When season eight of "The Big Bang Theory" returns, Penny and Leonard will still be the happy, newly engaged couple. However, there won't be much wedding planning anytime soon.
"The Big Bang Theory" showrunner Steven Molaro recently told TVLine that Penny and Leonard are the kind of people who would want to enjoy being engaged before getting hitched.
"I can't say for sure, but I doubt it," he shared when asked about Penny and Leonard's wedding. "They're in a great place. They're the kind of couple where they can be engaged for a while and that's fine."
Molaro also added that Penny will be too busy with her new career, which will put the wedding on the backburner. And because she is good at what she does, Penny is going to immensely enjoy her new job as a pharmaceutical sales representative.
"Whether she realizes that yet or not," Penny is well suited for the job, said Molaro, adding: "She's cute and flirty and gets along with people, and she's great at memorizing lines. This is a job that will fit her personality and talents well."
However, this is expected to cause a strain in her relationship with Leonard, as Penny will now be earning much more than what she made as a waitress at the Cheesecake Factory. The relationship dynamics are going to change, and this will be highlighted when the season premieres on Sept. 22.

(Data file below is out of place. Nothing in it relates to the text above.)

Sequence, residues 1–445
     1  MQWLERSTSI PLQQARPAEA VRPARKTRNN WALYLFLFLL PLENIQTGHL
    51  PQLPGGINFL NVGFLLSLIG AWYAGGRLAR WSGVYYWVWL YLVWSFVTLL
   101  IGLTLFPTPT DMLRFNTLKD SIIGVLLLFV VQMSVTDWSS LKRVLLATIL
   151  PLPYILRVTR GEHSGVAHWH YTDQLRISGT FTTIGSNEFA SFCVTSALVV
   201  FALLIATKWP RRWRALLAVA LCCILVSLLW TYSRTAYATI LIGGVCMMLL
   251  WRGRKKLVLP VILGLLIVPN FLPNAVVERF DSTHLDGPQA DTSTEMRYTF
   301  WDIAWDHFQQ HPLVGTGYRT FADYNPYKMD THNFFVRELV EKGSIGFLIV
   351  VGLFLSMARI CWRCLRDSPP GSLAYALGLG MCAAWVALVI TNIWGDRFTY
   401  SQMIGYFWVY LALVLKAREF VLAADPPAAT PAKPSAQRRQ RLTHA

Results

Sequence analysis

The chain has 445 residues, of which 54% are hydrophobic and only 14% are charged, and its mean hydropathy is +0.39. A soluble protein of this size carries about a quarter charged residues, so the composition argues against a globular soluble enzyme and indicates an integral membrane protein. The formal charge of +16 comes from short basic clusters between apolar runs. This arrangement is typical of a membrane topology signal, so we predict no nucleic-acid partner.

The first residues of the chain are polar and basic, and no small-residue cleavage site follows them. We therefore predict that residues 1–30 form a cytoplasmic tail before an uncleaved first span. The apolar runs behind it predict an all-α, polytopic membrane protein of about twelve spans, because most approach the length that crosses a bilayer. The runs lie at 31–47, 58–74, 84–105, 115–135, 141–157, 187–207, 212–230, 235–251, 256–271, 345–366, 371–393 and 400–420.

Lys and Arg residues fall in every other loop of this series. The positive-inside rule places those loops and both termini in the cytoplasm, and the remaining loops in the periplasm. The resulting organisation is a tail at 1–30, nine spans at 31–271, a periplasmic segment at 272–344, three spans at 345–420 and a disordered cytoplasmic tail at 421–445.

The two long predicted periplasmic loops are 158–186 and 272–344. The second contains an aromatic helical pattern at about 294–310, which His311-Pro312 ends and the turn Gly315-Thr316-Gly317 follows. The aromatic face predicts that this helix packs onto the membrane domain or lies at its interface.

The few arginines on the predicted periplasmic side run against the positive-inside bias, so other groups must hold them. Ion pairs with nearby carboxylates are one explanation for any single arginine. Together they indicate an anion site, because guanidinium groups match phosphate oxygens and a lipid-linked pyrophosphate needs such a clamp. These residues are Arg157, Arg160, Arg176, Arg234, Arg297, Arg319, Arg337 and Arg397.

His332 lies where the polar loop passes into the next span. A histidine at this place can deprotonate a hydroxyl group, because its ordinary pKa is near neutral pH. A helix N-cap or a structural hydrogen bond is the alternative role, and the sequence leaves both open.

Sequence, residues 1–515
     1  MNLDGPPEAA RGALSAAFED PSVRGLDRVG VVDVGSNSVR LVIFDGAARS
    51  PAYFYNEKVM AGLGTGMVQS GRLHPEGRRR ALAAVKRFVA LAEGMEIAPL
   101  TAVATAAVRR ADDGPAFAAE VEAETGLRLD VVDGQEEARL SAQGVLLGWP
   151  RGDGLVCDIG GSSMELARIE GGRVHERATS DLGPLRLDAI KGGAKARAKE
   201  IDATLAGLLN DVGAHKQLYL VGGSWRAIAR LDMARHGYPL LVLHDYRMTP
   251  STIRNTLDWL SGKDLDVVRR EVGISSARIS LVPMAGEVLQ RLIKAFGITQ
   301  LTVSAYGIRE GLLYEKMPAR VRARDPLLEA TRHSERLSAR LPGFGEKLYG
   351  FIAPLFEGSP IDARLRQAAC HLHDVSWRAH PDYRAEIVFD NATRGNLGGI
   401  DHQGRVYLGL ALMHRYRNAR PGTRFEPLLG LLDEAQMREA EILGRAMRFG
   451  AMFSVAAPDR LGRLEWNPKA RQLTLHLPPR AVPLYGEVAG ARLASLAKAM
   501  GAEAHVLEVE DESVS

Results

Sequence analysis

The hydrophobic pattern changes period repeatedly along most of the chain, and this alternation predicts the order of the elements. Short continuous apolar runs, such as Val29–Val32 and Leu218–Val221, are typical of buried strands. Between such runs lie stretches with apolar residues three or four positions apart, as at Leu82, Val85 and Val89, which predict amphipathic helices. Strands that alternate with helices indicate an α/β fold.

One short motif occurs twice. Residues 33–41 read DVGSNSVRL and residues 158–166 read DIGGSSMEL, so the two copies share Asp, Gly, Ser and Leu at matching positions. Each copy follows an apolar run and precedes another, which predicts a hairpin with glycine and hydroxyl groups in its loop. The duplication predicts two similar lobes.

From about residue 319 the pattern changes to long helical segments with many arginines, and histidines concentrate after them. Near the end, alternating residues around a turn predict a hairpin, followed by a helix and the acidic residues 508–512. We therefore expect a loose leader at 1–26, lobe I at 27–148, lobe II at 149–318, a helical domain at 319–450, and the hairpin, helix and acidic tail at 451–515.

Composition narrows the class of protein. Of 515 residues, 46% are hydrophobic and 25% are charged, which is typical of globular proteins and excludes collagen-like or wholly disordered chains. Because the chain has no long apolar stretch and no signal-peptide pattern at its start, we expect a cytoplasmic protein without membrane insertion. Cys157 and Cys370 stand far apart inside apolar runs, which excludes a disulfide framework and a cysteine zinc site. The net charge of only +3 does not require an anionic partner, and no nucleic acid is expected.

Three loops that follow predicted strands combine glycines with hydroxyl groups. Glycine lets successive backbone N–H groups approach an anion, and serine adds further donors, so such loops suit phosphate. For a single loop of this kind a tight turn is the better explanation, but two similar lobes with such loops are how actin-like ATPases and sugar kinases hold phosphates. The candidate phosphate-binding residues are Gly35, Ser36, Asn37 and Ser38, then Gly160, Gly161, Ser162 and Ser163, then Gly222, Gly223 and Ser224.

"In the first episode back, she will embark on a brand new career, and that will be taking up a lot of her time and energy. Bernadette has helped to get her a job as a pharmaceutical sales rep at her company. She is going to put her failed acting career on the backburner for a while," the executive producer shared.
Production of season eight started in the second week of August, after a short delay owing to issues with the contracts of Jim Parsons, Johnny Galecki, and Kaley Cuoco. Production resumed only after each of the three leads was promised $1 million per half-hour episode.
Speaking about the issue, Parsons, who played Sheldon Cooper, told Entertainment Weekly that he had hoped the issues would be sorted out much before the production was initially slated to start.
"I always thought everything would be worked out by the start date. When it wasn't, it certainly wasn't a good feeling, but there was absolutely no getting around the fact that everything had to be dealt with and finished before we could get back."